The National Network for Technology Entrepreneurship and Commercialization (www.n2tec.org), based at the University of Southern California, links up universities across the country to help faculty and student entrepreneurs tap a broad range of management and technical expertise. It also extends that privilege to minority- and female-owned businesses outside the academic world. Those businesses are eligible to receive vouchers good for purchasing up to $5,000 worth of resources at USC and ultimately other universities in the network, including technology licenses, consulting services from business-school faculty and students, and the use of university facilities, like laboratories and machine shops.
Meanwhile, under the two-year-old Kentucky Innovation Act, small and midsize Kentucky companies can use awards from the Kentucky Research and Development Voucher Fund (www.tig.kstc.com) to pay for R&D services at any accredited university in the state. Awards can run up to $200,000 over two years, and companies are required to match the award dollar for dollar, although they can use a mixture of cash and equity to do so.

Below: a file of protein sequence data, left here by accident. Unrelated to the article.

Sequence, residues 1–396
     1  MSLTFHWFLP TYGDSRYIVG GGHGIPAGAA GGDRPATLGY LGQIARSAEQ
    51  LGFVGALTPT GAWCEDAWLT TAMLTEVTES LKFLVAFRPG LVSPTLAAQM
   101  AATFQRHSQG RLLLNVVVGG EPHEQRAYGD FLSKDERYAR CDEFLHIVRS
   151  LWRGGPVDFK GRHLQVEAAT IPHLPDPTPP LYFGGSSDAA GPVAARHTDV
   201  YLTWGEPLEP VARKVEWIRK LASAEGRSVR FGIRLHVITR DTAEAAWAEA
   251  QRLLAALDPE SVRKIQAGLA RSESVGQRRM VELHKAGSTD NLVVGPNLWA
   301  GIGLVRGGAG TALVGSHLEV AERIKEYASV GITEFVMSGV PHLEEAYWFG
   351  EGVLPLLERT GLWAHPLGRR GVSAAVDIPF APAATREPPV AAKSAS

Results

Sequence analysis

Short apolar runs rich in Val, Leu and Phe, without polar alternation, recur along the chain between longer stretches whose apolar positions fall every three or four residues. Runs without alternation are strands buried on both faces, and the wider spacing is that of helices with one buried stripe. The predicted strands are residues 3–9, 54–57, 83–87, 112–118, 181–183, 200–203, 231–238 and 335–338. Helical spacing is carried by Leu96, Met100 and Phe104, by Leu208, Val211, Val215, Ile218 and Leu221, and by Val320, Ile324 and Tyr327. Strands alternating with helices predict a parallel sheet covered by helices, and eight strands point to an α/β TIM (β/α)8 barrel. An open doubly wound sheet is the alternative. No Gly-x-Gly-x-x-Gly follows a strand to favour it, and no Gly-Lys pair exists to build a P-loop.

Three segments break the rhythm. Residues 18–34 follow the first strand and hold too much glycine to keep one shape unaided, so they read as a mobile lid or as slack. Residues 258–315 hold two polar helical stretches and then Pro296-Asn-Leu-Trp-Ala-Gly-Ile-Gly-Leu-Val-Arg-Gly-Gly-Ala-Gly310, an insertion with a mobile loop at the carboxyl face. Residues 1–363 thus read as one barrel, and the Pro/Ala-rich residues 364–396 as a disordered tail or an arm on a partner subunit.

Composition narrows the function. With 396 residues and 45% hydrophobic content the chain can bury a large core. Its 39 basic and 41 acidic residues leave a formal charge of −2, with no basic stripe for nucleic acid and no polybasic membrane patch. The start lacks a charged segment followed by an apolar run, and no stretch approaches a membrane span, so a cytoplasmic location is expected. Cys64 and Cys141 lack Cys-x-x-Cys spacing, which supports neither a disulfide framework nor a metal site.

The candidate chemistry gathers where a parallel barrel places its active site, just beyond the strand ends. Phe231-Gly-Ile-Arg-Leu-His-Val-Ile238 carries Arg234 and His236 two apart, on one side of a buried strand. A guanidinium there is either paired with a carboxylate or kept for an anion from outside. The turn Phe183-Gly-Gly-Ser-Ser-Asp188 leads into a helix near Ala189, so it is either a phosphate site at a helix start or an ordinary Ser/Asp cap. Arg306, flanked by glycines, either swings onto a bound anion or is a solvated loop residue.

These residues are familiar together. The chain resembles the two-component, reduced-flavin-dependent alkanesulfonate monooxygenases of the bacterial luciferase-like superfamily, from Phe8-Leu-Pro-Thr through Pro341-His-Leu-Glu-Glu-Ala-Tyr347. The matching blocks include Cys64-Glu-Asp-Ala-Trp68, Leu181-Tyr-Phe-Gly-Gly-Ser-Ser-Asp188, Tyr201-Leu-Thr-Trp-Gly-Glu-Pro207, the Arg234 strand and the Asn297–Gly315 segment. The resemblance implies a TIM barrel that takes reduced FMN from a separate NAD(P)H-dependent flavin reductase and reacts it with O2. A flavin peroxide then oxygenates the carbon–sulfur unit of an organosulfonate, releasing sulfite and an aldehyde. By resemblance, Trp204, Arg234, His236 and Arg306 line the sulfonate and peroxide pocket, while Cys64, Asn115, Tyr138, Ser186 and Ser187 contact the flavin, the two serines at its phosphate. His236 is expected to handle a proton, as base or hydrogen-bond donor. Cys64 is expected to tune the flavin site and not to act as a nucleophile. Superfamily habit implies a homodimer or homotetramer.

Companies have sprouted up to help businesses find the right professor for their needs. One is TechKnowledge Point (www.techknowledgepoint.com). B-school profs can put their profiles on the site, listing their qualifications. For a fee of $100 a year, CEOs can search the database to find the expert they're seeking. Utek Corp. (www.utekcorp.com) acts more as an intermediary in the important but often confusing area of technology transfer, helping small businesses license school technology.